What this experiment really shows, is that a group of people who grew up in East Germany "cheated" more than a group of West Germans. We don't hear by which criteria - 'randomly' just means they can't be bothered explaining. There is no explanation of why it is considered reasonable to extrapolate from a small group to humanity in general, or indeed how you get from 'East Germany' to 'Communism' in general, or indeed what is meant by 'Communism'. Being exposed to 'Communism' was hardly the only influence acting on people growing up there, just like 'Capitalism' wasn't the only thing that shaped the lives of West Germans.

A far more likely explanation is that if you live with the fear that your neighbors are informants for an oppressive regime, then you don't have much confidence in the merits of social virtues like sharing and trusting, which are necessary preconditions for fair play: you won't play fair, unless you trust that everybody plays fair. But living with that kind of fear is not unique to communism or socialism; indeed, oppression is arguably incompatible with socialism, which is all about sharing and trusting the society you are part of.

about a week ago
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Domain Registry of America Suspended By ICANN

jandersen Re:From TFA (113 comments)

Sure you can treat that as a contract breach, but it seems more like a criminal matter to me... Why do you even put that in the contract, it's needless to say that criminal conduct will not be tolerated.

Because, in the criminal court, you are innocent until proven guilty, whereas in the civil court, the standard of proof is much more relaxed. So, in terms of stopping unwanted activity, putting it in the contract like this, is much more efficient.

about a week ago
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World Health Organization Calls For Decriminalization of Drug Use

jandersen Re:Finally! (474 comments)

Your 'silly' idea isn't completely silly. If we want to get people off drug addiction, the way forward must entail winning the trust of the victims; and you can't win the trust of people by treating them as criminals.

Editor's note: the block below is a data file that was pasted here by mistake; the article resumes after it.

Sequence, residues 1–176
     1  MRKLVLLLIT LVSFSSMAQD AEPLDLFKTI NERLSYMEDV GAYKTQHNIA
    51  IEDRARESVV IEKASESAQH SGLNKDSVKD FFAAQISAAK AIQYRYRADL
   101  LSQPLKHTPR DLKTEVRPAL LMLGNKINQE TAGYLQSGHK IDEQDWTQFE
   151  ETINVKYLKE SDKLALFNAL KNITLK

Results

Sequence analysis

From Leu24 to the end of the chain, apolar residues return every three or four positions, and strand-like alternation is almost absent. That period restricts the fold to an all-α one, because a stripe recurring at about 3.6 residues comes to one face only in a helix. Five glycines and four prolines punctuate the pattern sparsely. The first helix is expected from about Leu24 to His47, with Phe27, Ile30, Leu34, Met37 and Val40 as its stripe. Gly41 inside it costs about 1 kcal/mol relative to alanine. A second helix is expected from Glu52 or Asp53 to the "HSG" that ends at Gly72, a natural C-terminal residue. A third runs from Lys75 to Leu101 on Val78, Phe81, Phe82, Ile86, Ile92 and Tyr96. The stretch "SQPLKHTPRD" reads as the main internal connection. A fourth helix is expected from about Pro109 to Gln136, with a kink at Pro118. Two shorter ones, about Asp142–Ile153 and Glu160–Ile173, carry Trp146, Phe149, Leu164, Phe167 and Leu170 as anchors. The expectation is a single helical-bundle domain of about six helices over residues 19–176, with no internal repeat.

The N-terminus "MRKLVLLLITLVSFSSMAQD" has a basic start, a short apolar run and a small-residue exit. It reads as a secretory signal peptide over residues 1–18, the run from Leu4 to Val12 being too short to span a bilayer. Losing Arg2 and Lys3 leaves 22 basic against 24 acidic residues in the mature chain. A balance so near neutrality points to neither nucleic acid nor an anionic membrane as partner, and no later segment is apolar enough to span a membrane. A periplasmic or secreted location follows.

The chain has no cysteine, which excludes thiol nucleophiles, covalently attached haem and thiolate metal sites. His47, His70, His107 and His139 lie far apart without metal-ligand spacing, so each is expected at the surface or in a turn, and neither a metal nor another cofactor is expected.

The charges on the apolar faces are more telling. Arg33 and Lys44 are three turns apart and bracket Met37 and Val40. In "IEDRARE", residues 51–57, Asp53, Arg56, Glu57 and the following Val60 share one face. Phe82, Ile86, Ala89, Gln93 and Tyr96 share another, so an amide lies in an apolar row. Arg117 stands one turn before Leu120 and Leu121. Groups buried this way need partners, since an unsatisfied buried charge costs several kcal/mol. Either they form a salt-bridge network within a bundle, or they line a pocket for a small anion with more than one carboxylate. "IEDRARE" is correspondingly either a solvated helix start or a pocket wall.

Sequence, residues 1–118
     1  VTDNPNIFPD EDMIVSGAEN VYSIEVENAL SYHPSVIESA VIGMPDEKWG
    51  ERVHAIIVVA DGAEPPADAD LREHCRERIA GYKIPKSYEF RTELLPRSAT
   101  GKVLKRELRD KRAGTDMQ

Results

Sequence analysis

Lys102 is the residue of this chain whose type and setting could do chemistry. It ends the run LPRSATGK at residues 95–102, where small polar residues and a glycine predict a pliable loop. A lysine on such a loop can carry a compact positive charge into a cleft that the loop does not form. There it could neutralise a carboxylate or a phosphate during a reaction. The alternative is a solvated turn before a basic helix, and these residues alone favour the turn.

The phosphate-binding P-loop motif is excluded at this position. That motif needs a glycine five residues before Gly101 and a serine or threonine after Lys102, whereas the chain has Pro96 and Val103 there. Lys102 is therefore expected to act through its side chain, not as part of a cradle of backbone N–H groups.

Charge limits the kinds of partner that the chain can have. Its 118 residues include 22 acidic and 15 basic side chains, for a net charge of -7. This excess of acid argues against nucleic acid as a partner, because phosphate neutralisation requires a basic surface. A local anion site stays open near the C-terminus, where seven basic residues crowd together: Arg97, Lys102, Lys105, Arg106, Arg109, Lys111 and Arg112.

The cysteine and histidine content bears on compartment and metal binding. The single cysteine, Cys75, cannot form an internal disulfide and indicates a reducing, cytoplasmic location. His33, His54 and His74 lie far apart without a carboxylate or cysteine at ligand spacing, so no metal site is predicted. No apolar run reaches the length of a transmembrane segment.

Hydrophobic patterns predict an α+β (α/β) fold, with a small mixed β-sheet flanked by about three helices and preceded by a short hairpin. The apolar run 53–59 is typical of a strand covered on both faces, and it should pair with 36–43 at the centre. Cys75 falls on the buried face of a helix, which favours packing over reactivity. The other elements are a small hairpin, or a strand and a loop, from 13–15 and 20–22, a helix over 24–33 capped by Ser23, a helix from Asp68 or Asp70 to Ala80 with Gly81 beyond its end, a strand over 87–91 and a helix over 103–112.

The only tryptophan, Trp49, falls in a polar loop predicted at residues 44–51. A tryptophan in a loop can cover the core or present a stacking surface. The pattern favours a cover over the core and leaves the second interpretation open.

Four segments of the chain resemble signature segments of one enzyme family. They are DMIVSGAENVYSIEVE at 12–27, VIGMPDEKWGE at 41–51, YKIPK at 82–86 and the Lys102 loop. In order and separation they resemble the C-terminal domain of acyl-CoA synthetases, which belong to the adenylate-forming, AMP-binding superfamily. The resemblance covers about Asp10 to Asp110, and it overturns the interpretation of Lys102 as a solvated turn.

Where you get it wrong, I think, is where you assume the addicts will still be homesless wrecks; in countries where you can legally get your daily heroin fix (Switzerland? Holland?), heroin addicts quite often have a career, family etc. The truth is that it isn't the addiction as such, but the criminalisation and the diseases from unclean drugs and needles that destroy lives.

about a week ago
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Heinz Zemanek Passes At 94

jandersen Re:"Passed" (52 comments)

Passed what? A kidney stone? Another car?

I think the clue is in the name: Mailüfterl: May breeze.

about two weeks ago
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Marvel's New Thor Will Be a Woman

jandersen Re:Proud tradition (588 comments)

Female Power Rangers don't have their boobs hanging out of their outfits

Yeah, that's what i mean ... Poor stuff. ;-)

But basically, Power Rangers is nothing more than an excuse for showing off basic moped stunts; and covering the actors (and I use the word in the most liberal sense) in full leathers is not only sensible, it's also handy when you want to replace them.

about two weeks ago
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Marvel's New Thor Will Be a Woman

jandersen Proud tradition (588 comments)

The new Thor continues Marvel's proud tradition of ...

... completely ignoring things like historical background, common knowledge and elementary logic.

Being Danish, it has always irked me, that this cartoon 'Thor' is portrayed as a tall, sledge-hammer wielding body builder with lanky, blond hair, full body wax and a placid temperament; the traditional thunder-god, son of Odin and married to Sif, was red-haired and -bearded (and generally hairy as a man would be), foul-tempered and wielded a hammer, mjolnir, that was famously short-shafted. I suppose a busty, female 'Thoretta' isn't really all that much further from the original. It just another American, plasticky product, like 'He-Man' and 'Power Rangers'.

about two weeks ago
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German NSA Committee May Turn To Typewriters To Stop Leaks

jandersen Re:So what? they can be tapped to. (244 comments)

I always feel vaguely amused when people say that you 'just' or 'simply' do so and so. I'm pretty sure the Germans know that these things can be done - they are clever people, you know.

Of course it is possible to penetrate whatever security measures are put in place, but using simpler technology has advantages:

- simple technology is easier to screen for spying devices; there is no networking, no firmware with backdoors, etc
- it is less easy to make copies on an industrial scale, when things are typed on paper instead of being stored electronically
- it is riskier to try to steal information, when you have to be physically present